Martina Navratilova was the most successful player in both singles and doubles across the season. She won three of the four Grand Slam tournaments in singles, with Chris Evert-Lloyd winning the French Open. In doubles, Navratilova again won all the Grand Slams apart from the French Open, which was collected by Rosalyn Fairbank and Candy Reynolds; Pam Shriver was her partner in all the Grand Slam events. Navratilova won a total of 29 titles in the course of the year and only suffered one defeat in singles, against Kathy Horvath at the French Open. This led to her beginning and ending the year as the WTA number 1. Shriver was her closest challenger with 16 titles, including 14 in doubles events. Players from the United States won 74 of the 125 titles awarded in singles, doubles and mixed doubles; players from Brazil, Canada, Japan, New Zealand, Netherlands and Switzerland each won a solitary title.

1984 Virginia Slims World Championship Series

The 1984 Virginia Slims World Championship Series was the 14th season since the foundation of the Women's Tennis Association. It commenced in March 1984, and concluded in March 1985 after events.

The Virginia Slims World Championship Series was the elite tour for professional women's tennis organised by the Women's Tennis Association (WTA). It was held in place of the WTA Tour from 1983 until 1987 and featured tournaments that had previously been part of the Toyota Series and the Avon Series. It included the four Grand Slam tournaments and a series of other events. ITF tournaments were not part of the tour, although they awarded points for the WTA World Ranking.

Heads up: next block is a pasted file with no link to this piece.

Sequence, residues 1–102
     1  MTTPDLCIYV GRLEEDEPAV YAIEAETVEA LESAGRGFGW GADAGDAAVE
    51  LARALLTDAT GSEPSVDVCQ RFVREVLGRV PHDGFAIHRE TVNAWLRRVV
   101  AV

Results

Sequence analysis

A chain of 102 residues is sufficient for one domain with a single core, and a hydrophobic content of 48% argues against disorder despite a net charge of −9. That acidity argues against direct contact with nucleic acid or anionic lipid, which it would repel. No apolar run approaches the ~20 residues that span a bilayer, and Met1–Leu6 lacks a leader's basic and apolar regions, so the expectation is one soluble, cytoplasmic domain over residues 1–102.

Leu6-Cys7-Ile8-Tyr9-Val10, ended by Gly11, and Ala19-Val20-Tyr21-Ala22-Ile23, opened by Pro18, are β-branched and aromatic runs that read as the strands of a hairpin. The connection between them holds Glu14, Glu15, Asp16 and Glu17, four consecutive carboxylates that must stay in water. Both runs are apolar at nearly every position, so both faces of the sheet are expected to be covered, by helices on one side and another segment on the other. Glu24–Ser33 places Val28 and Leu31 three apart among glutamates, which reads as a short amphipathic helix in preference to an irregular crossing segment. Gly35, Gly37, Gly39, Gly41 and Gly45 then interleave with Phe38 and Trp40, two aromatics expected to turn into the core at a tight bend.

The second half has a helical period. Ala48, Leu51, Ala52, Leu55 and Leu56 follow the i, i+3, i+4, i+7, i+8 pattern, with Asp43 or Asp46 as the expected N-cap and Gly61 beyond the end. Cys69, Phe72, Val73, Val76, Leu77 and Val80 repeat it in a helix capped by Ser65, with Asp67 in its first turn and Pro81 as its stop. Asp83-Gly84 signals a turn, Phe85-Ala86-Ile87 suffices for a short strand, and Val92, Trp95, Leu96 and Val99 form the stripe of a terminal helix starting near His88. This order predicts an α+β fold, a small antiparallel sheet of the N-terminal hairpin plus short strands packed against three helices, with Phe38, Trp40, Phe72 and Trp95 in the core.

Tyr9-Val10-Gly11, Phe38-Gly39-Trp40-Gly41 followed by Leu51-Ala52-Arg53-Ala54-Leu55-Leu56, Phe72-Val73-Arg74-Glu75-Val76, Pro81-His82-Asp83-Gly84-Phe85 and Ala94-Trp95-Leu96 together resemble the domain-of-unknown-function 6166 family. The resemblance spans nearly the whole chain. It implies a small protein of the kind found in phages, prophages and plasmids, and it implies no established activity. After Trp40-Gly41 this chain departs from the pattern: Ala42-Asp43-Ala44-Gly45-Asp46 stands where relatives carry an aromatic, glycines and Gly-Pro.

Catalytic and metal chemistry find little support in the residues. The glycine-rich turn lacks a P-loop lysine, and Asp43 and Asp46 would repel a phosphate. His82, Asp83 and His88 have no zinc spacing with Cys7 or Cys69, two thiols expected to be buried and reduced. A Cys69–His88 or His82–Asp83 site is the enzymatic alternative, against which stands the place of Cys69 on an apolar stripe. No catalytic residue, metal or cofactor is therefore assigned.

1985 Virginia Slims World Championship Series

The 1985 Virginia Slims World Championship Series was the 15th season since the foundation of the Women's Tennis Association. It commenced in March 1985, and concluded in March 1986 after 52 events.

The Virginia Slims World Championship Series was the elite tour for professional women's tennis organised by the Women's Tennis Association (WTA). It was held in place of the WTA Tour from 1983 until 1987 and featured tournaments that had previously been part of the Toyota Series and the Avon Series. It included the four Grand Slam tournaments and a series of other events. ITF tournaments were not part of the tour, although they awarded points for the WTA World Ranking.